The other band that has radically changed my life is an independent band from Seattle called Pedro the Lion. I discovered them in college. Actually, at least back then, “them” was mostly a guy named David Bazan. Today T.W. Walsh is a permanent fixture, too. Anyway, Bazan’s stuff initially attracted me due to its sheer honesty. The music was simple and the vocals mumblish. But this was a guy crooning lines like “Then there’s your girlfriend/ She opens her legs and gives you life meaning/ Is that what you love her for?” and “Could someone please tell me the story of sinners ransomed from the fall?/ I still have never seen You and some days I don't love You at all.” Dissatisfied with himself, Christianity and the state of the arts, Bazan’s lyrical prowess and humble delivery hit me hard. Today Bazan’s songs are populated with cheating husbands, murderous wives, faithless priests and lonely alcoholics. Sad, beautiful and depressing as hell, this is what music should sound like.

Those are the two biggest musical influences on my life thus far. There are so many others. I love the abrasive hip-hop poetry of Sage Francis, the exploratory brooding of The Accident Experiment and the revolutionary mentality of Paris. I love the playful creativity of L.A. Symphony, the Sunday School on speed quirkiness of Half-Handed Cloud and the hallucinogenic soundscapes of Starflyer 59.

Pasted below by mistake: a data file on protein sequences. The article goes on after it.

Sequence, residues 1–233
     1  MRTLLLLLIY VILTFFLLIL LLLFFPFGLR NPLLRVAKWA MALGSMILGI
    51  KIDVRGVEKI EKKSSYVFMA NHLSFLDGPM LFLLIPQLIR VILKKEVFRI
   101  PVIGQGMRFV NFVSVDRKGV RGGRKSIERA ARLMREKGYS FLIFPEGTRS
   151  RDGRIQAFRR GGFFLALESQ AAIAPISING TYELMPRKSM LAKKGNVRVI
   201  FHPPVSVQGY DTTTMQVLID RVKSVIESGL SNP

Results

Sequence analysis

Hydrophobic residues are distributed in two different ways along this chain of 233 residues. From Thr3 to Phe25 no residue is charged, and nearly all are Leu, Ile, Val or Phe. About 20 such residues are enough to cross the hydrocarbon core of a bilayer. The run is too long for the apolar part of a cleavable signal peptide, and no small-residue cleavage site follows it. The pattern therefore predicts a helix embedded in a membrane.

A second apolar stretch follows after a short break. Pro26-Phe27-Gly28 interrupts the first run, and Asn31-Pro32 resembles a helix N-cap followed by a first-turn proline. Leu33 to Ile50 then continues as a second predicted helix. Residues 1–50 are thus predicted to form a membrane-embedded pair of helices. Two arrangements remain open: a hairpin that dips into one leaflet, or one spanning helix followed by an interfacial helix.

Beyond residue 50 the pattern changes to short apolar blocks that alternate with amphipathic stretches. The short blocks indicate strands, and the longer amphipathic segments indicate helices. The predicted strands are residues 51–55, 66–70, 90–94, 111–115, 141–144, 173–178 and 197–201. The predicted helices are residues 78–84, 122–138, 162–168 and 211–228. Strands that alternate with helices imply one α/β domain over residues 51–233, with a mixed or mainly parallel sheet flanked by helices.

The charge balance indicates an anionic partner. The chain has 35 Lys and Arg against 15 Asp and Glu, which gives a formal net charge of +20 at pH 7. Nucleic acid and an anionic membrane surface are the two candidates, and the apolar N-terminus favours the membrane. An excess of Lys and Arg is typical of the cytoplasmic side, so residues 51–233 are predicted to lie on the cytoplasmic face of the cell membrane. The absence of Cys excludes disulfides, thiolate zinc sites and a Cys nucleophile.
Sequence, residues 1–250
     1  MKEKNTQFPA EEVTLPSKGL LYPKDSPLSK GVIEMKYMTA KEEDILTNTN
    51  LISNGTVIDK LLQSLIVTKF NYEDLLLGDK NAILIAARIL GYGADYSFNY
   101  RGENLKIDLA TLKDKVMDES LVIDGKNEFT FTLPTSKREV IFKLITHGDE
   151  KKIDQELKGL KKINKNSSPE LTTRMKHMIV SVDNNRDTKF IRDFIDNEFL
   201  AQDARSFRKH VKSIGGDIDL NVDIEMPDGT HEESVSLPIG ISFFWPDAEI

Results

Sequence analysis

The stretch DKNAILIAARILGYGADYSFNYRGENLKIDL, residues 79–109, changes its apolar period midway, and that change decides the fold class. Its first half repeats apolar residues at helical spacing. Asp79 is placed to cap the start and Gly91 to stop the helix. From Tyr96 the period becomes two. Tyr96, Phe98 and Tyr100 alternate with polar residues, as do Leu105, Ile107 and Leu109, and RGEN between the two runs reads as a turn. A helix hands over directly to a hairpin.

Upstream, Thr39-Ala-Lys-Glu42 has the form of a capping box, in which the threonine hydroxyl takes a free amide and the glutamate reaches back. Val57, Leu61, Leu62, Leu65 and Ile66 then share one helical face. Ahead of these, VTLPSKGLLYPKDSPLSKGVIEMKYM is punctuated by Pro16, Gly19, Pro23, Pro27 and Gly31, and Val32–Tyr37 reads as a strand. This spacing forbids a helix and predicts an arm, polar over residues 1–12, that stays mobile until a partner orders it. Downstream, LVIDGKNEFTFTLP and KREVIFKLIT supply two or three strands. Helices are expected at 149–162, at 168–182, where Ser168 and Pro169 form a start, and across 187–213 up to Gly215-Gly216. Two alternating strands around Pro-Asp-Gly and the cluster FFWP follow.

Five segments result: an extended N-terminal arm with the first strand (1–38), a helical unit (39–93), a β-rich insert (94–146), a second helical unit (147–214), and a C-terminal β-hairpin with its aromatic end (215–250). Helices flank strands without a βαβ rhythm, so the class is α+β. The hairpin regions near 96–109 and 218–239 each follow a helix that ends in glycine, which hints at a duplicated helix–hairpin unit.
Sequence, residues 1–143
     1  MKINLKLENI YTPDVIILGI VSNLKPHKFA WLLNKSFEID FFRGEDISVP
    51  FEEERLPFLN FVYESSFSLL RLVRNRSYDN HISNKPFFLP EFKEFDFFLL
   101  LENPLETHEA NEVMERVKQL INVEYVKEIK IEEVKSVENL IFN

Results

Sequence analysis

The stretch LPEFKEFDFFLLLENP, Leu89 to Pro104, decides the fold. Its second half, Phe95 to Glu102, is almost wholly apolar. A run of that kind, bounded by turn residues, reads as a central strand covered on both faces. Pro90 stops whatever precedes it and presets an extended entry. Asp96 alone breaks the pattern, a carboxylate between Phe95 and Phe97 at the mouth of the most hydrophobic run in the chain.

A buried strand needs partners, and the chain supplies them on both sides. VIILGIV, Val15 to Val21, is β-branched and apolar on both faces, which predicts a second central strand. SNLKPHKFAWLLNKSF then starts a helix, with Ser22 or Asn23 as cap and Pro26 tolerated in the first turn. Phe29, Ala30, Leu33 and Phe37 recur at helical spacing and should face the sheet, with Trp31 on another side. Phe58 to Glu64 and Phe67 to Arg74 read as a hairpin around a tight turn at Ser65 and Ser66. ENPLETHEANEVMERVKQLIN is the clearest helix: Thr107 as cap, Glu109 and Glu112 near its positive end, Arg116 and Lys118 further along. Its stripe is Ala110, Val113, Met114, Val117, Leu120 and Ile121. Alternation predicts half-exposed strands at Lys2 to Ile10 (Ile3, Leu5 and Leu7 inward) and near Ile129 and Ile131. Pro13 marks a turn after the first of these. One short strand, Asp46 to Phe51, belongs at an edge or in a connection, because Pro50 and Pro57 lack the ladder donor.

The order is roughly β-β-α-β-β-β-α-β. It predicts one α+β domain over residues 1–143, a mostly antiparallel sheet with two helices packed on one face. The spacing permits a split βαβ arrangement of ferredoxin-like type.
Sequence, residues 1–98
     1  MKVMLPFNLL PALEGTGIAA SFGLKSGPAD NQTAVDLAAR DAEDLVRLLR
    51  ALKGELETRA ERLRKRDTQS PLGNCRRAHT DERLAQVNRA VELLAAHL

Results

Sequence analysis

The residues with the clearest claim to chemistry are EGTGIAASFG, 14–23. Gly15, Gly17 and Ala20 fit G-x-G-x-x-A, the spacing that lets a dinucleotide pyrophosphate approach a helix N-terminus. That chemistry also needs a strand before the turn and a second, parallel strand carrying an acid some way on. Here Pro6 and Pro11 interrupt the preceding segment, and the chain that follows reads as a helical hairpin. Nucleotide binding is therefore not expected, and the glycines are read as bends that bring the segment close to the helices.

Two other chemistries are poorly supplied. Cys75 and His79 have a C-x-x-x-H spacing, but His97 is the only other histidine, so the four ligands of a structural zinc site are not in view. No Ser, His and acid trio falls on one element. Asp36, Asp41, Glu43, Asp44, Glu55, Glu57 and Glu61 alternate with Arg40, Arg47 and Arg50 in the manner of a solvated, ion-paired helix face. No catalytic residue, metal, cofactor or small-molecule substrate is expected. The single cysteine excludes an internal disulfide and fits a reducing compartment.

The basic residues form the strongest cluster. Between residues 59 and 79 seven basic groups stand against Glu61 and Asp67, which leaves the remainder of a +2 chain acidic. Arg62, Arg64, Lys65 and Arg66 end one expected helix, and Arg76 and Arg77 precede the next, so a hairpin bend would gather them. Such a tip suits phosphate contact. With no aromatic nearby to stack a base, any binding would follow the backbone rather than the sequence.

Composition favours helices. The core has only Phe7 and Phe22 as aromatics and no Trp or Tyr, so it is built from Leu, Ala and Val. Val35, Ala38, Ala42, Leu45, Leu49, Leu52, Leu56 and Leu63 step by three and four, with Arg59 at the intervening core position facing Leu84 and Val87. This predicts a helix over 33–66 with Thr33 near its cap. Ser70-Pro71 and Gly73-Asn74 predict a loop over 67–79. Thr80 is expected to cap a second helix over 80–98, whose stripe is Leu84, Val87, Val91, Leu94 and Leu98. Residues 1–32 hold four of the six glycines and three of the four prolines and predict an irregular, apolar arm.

What about you? Who rocks your world?

Comments on "The Soundtrack of My Life"


Blogger jpe said ... (2/17/2005 12:26:00 PM) : 

I once drove 2.5 hours from nyc to the absolute boonies of PA to see SF59 play. When we got to the place, it turned out to be a christian youth center (they played next to a ping-pong table).

Funny you mention Pedro the Lion, cuz I actually talked a little about Unwed Sailor ovah hyah.


Blogger Wasp Jerky said ... (2/17/2005 06:32:00 PM) : 

Hey jpe. Yeah, I saw your post earlier today. Also funny is that PTL wrote words to the Six Parts Seven song "A Blueprint of Something Never Finished" for the Lost Notes From Forgotten Songs album. Guess that brings us full circle.


Anonymous zalm said ... (2/19/2005 12:21:00 AM) : 

funny. i've known about larry norman for years. i've read interviews and reviews. and i don't think i've heard a thing he's done. seems i'm a little lazy. i'll have to check out his site. any favorite tracks i should hit first?